|Actual cover submitted for my approval.|
“Okay, first, as per the contract, I have already approved Charles’s final concept . . .”—Maya the Publisher
I’ve really struggled with writing this blog entry. The first and second ones were almost cathartic. All the drama that surrounded the cover is painful to remember. The cover art was one thing, but it wasn’t the only thing. As I’ve discussed in my previous two posts, there were a number of red flags. All of this wasn’t chronological—a single line of A to B to C. Rather, it came down like an avalanche of runaway evil on the slopes of increasing frustration.
This is especially difficult in the wake of the release of Tears of Heaven with a publisher I can trust to work with me and for me, rather than directly against me. It’s hard to go back and revisit the interactions that turned a once hopeful relationship decidedly sour.
That said, the cover was where the relationship with Maya took one it’s last, fateful turns down a dark alley in a dark Eastern European city and ran smack into a gang of thugs cleverly discussing their differences over firearms and meth-fueled rage.
The cover art was not good. The details don’t matter anymore. What’s important on this particular topic is that I hadn’t taken a good, hard look at Maya’s other covers before signing with her. That was a red flag that I missed entirely.
Do your homework.
|"Pretty, but boring." is what Maya called these covers.|
Traditionally published authors generally have little to no say in cover art. That may seem unfair, but in reality writers know writing. They may or may not know much about cover art composition, layout, and . . . other . . . art words. Even if they do, it remains the publishers job to handle the marketing, and cover art is the epitome of marketing.
Again, do your homework.
Bad art is bad.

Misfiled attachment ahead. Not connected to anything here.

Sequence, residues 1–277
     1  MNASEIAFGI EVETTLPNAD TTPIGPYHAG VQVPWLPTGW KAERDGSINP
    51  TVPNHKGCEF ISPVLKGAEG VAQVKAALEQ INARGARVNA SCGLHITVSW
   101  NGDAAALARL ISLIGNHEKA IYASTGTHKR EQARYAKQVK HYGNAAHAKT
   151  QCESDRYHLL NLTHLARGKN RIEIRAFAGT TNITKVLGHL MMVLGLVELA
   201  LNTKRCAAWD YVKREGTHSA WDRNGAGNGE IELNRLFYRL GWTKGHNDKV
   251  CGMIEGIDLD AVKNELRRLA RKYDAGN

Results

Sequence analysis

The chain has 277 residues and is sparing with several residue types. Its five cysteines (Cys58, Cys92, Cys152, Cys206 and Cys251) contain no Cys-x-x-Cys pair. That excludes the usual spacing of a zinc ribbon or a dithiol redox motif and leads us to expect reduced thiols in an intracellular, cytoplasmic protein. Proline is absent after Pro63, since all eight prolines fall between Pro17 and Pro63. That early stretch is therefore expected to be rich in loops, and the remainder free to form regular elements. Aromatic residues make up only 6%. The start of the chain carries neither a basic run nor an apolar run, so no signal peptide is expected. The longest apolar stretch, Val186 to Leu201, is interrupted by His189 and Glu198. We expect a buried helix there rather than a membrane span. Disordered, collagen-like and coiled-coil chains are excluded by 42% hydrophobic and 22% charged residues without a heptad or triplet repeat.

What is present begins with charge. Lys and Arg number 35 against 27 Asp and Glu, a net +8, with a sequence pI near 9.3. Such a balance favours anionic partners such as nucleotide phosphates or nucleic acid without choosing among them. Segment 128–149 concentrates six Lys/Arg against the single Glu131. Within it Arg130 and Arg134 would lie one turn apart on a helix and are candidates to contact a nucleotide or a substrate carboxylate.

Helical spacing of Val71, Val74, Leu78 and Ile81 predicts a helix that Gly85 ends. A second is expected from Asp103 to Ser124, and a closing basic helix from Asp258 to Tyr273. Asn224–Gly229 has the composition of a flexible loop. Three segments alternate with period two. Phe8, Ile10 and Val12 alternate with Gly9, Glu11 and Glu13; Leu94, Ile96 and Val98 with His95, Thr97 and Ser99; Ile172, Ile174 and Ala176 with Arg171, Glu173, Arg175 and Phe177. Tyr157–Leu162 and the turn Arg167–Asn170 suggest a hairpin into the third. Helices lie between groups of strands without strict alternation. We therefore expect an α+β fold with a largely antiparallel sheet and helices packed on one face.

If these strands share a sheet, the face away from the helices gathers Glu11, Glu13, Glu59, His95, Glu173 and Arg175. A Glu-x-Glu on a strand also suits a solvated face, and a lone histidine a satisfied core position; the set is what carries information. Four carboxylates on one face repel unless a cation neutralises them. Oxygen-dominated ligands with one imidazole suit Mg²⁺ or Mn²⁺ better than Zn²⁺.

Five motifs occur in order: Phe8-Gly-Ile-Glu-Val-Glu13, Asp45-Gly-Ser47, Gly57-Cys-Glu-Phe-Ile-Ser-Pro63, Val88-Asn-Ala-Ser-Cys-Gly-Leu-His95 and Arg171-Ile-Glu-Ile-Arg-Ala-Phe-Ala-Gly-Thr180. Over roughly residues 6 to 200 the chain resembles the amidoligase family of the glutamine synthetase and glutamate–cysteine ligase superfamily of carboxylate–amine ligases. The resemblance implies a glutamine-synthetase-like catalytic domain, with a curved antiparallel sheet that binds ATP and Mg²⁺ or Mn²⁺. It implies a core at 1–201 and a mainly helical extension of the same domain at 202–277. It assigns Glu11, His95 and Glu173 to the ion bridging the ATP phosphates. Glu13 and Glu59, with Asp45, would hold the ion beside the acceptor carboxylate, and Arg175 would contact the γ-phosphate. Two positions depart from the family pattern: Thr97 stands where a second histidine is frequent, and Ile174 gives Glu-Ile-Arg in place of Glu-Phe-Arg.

So here’s your take away:
Research, research, research: If a publisher isn’t putting out decent cover art for other writers, that’s a bad sign. Walk away. Covers don’t have to be awesome and award-winning, but they should at least be within the range of expectations for readers. Even boring is ok, so long as the artwork isn’t bad. At the very least, the cover should not be an obstacle that keeps a reader from opening the book.
The cover art was not the final issue for Maya and me. It is, however, the place that I’m going to stop. Maya used a bad contract to abuse her relationship with me, and the end result was nearly two lost years of publishing, and a wholly evil experience. The best, the absolute only good that came from this is that I learned, painfully, how to look for a decent publisher, and avoid the pitfalls of my earlier mistakes.
Just to reiterate the five key take-aways:
1 - A too-quick response is not a good sign.
2 - Have an attorney read over your contract
3 - Small issues of the story shouldn’t be big problems to a publisher.
4 - Communication, communication, communication.
5 - Artwork is important.
It’s OK to walk away. It’s ok to run. If you see issues like these, nod, smile, and back-away from the deal as quickly as you can. If you're already in, consult your contract and your attorney and figure out a way to end the relationship.
There are other publishers than these, gunslinger, and you deserve better.